“I love networking”… said no one ever!
The word is enough to send shudders through many people I meet.
Whether you like it or not, networking is key to building the relationships that will propel your career.
No one will work with you without some level of familiarity and trust, and that can only be achieved through meeting with someone face to face.
The biggest things I hear are that; networking feels forced, people never know what to say, and they find the whole thing uncomfortable.
On the other hand I quite like networking, I always have, but I didn’t know what I was doing was networking when I started talking to people – because that’s all it is. This list will help you to shift your mindset around networking.
- Networking Events Are Brilliant
So I need to caveat that even though I like speaking to people, I still struggle with networking events. I am still nervous before making contact. I still hate that uncomfortable moment of approaching someone and saying hello.
The reason I think they are brilliant is that those moments are SUPPOSED to be uncomfortable and “awks” but at an event titled “Networking Event” then the whole thing is expected. In fact, by approaching someone at a networking event where you are expected to talk to someone, you are more than likely to be met with the pure relief that they didn’t have to do it. You saved them from the initial awkward moment.
So networking events are brilliant because you’re supposed to be having the awkward moment and everyone feels the same. The “awks” moment is forgiven and the chat begins!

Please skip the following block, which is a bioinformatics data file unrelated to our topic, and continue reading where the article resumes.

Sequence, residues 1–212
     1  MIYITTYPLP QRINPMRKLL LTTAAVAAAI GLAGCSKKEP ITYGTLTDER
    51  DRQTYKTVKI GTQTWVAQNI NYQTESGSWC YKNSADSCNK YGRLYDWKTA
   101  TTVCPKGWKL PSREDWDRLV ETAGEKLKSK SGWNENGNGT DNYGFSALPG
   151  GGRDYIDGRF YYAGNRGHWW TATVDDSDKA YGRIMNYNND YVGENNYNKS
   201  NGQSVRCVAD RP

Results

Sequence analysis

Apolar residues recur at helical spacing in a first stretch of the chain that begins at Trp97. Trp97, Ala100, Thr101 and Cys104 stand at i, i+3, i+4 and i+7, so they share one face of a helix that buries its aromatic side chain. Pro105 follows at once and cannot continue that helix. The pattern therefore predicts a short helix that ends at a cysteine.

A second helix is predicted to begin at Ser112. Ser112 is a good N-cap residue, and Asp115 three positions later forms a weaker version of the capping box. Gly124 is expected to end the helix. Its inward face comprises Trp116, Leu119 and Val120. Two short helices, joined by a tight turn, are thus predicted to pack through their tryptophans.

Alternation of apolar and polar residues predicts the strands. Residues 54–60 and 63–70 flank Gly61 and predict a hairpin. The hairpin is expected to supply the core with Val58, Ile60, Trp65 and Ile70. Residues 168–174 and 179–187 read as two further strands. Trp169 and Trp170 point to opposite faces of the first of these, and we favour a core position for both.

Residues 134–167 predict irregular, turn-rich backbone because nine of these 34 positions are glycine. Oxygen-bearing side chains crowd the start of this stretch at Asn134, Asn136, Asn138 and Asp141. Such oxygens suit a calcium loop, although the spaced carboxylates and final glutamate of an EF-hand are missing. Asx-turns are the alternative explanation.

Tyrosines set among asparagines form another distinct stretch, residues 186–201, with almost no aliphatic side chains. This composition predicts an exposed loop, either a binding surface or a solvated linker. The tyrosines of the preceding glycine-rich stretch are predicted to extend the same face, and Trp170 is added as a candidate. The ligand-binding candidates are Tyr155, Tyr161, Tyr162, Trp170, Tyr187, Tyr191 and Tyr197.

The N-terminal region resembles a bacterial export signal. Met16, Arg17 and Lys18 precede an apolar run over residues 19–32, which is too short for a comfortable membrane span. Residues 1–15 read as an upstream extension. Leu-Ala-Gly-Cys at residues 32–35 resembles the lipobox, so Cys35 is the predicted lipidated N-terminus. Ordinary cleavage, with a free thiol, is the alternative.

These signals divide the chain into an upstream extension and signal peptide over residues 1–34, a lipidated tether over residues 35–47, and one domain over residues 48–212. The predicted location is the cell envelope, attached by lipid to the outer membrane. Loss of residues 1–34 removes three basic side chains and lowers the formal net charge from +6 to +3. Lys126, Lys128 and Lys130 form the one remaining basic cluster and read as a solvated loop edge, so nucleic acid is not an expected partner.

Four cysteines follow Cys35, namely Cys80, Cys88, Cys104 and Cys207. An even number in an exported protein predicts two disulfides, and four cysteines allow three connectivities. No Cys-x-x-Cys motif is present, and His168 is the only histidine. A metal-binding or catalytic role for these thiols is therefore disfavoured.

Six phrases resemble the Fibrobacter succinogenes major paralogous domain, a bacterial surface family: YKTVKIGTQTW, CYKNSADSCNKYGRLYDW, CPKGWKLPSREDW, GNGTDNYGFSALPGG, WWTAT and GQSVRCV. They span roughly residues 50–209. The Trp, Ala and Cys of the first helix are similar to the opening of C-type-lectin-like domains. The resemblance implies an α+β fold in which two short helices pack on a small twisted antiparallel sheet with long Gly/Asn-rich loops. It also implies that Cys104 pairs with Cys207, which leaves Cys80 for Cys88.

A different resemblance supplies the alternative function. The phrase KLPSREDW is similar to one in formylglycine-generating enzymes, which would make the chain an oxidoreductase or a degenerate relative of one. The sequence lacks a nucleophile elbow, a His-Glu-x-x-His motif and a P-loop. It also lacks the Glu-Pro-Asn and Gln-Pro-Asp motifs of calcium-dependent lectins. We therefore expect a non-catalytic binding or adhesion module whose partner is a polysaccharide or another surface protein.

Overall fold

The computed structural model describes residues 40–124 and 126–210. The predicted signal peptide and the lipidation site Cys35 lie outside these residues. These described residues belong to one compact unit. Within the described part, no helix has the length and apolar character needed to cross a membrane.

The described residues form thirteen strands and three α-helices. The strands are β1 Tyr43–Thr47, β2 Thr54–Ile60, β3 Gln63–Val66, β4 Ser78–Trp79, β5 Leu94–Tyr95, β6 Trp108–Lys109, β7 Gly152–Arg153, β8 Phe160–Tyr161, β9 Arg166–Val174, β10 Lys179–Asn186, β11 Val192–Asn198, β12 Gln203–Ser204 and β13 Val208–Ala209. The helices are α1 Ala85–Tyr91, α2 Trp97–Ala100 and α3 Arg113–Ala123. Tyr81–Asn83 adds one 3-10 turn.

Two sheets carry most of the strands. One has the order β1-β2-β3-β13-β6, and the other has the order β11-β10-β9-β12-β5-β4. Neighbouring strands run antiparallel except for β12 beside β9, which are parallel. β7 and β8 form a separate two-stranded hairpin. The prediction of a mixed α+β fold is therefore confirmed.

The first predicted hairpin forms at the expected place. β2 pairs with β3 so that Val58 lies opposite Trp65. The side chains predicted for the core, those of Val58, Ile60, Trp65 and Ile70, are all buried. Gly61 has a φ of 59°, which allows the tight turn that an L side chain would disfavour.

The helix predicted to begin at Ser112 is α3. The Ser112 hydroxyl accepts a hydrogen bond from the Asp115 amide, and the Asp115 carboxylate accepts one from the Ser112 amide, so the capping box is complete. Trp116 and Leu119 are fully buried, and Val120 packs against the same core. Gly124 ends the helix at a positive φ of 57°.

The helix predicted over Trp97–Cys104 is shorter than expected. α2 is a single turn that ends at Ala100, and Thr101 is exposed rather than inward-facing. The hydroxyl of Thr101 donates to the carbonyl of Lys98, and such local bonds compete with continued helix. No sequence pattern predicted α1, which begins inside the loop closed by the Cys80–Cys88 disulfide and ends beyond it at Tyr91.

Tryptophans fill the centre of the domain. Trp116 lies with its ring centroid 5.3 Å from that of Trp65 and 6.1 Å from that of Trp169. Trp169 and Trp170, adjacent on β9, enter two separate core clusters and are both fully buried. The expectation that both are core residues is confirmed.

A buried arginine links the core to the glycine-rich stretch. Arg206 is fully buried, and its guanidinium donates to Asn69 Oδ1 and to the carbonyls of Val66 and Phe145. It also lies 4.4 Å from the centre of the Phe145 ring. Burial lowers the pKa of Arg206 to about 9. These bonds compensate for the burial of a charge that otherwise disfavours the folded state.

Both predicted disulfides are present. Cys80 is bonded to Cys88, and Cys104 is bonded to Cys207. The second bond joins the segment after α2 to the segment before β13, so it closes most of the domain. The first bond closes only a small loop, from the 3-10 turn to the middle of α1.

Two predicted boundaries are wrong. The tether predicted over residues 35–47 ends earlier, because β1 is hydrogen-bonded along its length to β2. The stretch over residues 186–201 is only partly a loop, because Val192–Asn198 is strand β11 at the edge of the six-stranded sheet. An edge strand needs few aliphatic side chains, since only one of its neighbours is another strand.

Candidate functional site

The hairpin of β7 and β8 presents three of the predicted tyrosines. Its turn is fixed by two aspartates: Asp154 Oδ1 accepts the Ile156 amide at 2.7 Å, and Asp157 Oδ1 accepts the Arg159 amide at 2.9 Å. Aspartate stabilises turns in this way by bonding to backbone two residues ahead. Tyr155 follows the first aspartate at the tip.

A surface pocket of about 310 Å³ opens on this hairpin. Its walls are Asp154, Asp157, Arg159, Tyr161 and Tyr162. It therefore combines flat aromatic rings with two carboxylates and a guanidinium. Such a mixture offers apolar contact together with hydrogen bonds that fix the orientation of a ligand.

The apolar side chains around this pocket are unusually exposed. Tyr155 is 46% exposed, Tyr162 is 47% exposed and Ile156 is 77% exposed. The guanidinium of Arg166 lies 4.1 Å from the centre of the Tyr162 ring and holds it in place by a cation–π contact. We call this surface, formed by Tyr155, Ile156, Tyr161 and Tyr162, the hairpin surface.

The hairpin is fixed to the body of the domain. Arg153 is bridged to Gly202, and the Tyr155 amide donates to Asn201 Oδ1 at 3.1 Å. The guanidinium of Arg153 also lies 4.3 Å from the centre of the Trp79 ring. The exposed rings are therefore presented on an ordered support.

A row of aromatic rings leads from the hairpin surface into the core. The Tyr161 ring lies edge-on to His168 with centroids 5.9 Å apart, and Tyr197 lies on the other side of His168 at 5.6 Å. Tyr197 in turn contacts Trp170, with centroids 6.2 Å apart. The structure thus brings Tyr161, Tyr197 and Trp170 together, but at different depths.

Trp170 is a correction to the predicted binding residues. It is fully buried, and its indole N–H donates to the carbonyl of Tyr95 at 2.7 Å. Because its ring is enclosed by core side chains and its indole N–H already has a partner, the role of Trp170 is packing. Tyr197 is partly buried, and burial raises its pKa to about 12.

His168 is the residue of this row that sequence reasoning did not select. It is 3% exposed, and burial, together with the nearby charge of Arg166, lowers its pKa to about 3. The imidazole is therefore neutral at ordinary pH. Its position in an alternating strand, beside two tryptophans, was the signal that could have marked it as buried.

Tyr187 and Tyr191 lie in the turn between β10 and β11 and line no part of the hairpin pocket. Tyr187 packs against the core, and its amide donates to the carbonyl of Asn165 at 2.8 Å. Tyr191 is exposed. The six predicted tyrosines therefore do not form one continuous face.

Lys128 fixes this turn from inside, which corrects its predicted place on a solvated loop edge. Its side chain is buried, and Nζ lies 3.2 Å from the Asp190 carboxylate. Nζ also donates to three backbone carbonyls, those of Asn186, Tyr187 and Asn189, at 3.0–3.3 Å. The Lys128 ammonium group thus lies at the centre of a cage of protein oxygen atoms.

2. Small Talk Is ACE (Secret: It’s All About The Follow Up Question)
If we continue on the theme of “it’s supposed to be awkward”. And that everyone accepts that small talk is a step to a deeper chat. Then small talk is ace. It leads into the next thing.
The small talk question: “What do you do?” Or “what’s keeping you busy at the moment?”. Or “how was your day?”. Is a vehicle into the follow-up question – which is when the conversation actually begins:
You: How was your day?
Them: It was good
You: What was good about it? / What was the best thing that happened?
You: What do you do?
Them: I am a barrister
You: Oh whereabouts? / What does that entail?
You: So what’s keeping you busy at the moment?
Them: Actually my kids are a real focus at the moment
You: Oh how many do you have?
3. Newsflash: You Don’t Have To Go To An Event
There is an assumption that to network you have to go to events, meet new people or people above you in your career status. Well yes, this is a good assumption. But. In my career, the opportunities have come from those people I have been working with over the years. My peers, my colleagues and my friends.
You are actually networking all the time.
I network in many ways. I have got work from joining a netball team. I will often ask people to go for a coffee just me and them. I will meet someone through a client and that will lead to more work. One of the benefits of my podcast is that I get to meet more people. I met one client after she replied to an Instagram post, and I followed it up while I was on a beach in Greece.
Networking can take on the form you choose – which means you are in control of how it happens and you can do it on your terms. The key outcome of networking is to create trusting connections, that form business relationships. Not every conversation will end there, you don’t know the outcome of the conversations. But. You do know the outcome if you avoid meeting people.
You’ve got your presentation style sorted, you’re confident and you’re comfortable performing. So what happens when you throw another person into the mix? Contributors, guests, panellists, callers – they all add texture to your programme, podcast or conference, but your job is to get the best out of them for the audience.
Here are the things to consider before you get into it…
1.Research Your Guest
A sure fire way to make your interview go on longer than you need it to is to get your guest to tell their story ‘from the beginning’. This is fine if you are pre-recording and you have the time to edit. But if you are live you are going to need to get to the point as soon as you can.